McClatchy Co. is hoping that the recent Chapter 11 bankruptcy filing will allow the company to restructure its debts (forgiving approximately 60% of all debt) and release much of its current pension obligations. If the court accepts the offer, the new owners would be those heading the hedge fund: Chatham Asset Management LLC.
They would operate McClatchy as a private organization, and over 7 million shares of McClatchy’s current publicly owned and family-owned stocks would be “canceled.” According to our Las Vegas bankruptcy lawyers, longstanding pension programs have been causing financial troubles for many established companies throughout the U.S.
An Unsustainable Pension Program Lead to Debt
McClatchy has been a family-run company for over 160 years since the California Gold Rush. Obviously, the company attempted to avoid filing for Chapter 11 but saw no other alternative at this point. “We’ve tried to avoid this step,” shared CEO Kevin McClatchy, “[but] there’s no question that the scale of our 75-year-old pension plan, with 10 pensioners for every single active employee, is a reflection of another economic era.” McClatchy’s pension covers more than 24,500 current and future retirees, many who manned printing presses or loaded newspapers onto delivery trucks. That number is supported by less than 2,800 current, active employees. The math is not sustainable.
Revenues Continue to Drop as Debt Relief Agreements Stall
The publisher has 30 local newsrooms in 14 states, including the Miami Herald, the Charlotte Observer, the Kansas City Star, and the Fort Worth Star-Telegram. Revenues are currently 14% from last year, maintaining a decline for the past six years.
McClatchy Co. attempted negotiations with creditors last year and twice reached agreements that would have saved the company from bankruptcy. However, the final portion of the plan that involved agreeable financing terms was never agreed upon by all parties involved, thus the current situation.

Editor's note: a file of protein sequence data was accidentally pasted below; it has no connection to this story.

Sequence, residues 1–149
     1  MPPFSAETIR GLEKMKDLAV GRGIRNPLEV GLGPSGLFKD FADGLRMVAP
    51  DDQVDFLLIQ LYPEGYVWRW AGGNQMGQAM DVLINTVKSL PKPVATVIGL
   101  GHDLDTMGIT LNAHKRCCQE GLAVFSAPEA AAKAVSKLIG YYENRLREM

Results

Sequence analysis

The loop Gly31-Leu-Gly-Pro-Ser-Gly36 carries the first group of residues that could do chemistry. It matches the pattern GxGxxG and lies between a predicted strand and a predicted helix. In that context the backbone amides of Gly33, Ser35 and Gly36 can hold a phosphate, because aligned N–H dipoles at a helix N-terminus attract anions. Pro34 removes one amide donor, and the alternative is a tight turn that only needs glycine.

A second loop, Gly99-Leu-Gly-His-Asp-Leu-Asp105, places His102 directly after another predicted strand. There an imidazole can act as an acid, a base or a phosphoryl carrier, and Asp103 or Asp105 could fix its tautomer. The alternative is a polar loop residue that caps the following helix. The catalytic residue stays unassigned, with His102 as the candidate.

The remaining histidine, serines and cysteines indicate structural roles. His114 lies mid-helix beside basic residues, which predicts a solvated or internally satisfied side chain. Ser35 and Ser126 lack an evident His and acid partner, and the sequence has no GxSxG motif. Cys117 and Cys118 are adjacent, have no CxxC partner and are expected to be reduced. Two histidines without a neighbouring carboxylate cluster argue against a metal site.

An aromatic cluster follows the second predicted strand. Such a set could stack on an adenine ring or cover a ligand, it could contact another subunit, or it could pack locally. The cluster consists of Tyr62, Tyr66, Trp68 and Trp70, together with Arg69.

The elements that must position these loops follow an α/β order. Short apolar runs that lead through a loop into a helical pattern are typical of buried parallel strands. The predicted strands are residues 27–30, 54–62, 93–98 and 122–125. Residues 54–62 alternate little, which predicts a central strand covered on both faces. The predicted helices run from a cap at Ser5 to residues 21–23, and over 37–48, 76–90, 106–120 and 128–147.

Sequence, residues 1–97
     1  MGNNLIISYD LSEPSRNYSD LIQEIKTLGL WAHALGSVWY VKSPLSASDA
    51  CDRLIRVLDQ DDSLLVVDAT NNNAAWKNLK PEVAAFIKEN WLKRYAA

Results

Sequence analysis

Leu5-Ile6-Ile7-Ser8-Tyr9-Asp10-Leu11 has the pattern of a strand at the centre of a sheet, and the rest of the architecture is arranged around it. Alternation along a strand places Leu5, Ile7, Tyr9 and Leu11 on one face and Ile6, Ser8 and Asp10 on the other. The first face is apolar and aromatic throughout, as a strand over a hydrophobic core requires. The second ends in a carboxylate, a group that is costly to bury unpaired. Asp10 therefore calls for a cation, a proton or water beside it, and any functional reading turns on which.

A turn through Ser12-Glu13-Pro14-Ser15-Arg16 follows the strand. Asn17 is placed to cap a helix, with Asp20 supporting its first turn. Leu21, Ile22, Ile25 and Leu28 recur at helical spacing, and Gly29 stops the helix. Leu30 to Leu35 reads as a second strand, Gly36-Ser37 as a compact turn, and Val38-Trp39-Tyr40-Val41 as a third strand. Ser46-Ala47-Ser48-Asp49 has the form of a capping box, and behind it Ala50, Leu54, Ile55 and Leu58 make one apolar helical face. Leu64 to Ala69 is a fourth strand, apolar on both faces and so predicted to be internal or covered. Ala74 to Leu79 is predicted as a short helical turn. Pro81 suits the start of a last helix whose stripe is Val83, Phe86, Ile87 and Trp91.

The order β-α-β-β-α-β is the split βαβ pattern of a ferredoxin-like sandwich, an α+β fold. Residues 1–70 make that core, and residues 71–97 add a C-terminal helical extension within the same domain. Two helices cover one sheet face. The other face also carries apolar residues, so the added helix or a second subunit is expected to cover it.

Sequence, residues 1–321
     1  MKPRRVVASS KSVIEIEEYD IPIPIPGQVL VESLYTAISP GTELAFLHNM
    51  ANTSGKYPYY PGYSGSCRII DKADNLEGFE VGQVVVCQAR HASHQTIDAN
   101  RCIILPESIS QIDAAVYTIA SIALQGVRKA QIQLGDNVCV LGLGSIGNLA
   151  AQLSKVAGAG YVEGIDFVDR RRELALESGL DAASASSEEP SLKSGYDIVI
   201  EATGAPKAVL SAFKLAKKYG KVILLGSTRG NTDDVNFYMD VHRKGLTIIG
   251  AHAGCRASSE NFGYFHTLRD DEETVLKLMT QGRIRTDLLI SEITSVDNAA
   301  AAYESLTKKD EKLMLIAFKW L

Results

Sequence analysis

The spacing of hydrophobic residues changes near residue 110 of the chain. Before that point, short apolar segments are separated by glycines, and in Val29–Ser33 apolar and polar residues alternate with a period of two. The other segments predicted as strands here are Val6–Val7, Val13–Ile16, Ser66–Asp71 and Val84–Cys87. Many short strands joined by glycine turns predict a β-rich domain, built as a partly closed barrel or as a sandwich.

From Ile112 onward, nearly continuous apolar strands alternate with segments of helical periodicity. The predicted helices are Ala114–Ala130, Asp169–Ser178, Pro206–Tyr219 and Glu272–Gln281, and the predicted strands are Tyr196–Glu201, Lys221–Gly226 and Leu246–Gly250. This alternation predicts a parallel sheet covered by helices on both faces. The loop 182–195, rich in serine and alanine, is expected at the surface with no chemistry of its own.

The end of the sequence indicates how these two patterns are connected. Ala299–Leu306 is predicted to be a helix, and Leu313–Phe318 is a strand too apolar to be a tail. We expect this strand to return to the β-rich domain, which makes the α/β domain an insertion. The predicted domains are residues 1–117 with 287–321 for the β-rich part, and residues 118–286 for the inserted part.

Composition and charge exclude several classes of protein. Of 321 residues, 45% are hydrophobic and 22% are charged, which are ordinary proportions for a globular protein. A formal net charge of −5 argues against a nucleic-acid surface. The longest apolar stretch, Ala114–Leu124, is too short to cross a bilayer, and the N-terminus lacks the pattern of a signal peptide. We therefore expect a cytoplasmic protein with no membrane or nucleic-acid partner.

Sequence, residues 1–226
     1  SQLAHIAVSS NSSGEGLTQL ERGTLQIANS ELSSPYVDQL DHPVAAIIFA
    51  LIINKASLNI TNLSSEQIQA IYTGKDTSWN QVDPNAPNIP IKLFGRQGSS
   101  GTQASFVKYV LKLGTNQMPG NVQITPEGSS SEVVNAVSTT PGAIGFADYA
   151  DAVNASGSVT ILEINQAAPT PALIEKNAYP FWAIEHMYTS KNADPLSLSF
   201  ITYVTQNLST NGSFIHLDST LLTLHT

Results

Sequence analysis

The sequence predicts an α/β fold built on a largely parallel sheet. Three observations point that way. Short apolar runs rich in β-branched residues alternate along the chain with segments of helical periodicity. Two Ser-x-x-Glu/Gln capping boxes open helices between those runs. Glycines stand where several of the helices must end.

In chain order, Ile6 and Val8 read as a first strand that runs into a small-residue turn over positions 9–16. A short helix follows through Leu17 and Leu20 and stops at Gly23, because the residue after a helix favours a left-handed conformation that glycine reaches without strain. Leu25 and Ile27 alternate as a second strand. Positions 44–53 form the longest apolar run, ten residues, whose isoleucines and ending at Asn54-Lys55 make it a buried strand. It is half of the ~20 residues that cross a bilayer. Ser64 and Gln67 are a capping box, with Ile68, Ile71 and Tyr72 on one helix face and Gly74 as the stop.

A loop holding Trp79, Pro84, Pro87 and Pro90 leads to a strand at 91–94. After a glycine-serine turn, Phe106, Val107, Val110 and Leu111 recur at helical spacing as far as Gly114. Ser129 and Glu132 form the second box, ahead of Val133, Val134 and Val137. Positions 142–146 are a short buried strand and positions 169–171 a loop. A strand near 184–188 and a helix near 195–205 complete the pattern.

The new owners will face many of the same issues that McClatchy Co. faced. Anthony Campagna, the director of research for ISS EVA, a company that provides analytical data and market intelligence to possible investors, stated: “There’s probably economies of scale that have to happen in an era where much less people are reading print media.” Regardless of who owns McClatchy Co., that fact remains.
Other Avenues of Debt Relief Fall Short Leading to Bankruptcy Filings
McClatchy has outstanding debt of over $700 million (at the time of filing), not to mention the pensions, which were valued at over $800 million.
Although McClatchy Co. sought pension relief from Congress, the Secure Act (a retirement-security package) was signed earlier this year. The act gave smaller papers 30 years to catch up with pension obligations, relieving them from needing to choose between creditors and bankruptcy. While this sounds like it would benefit McClatchy Co., the Secure Act quickly became a partisan battlefield, with representatives arguing against allowing the longer payback window (even at a higher interest rate.)
Strangely (as many political decisions are), relief was granted to a dozen small newspapers but not to McClatchy Co.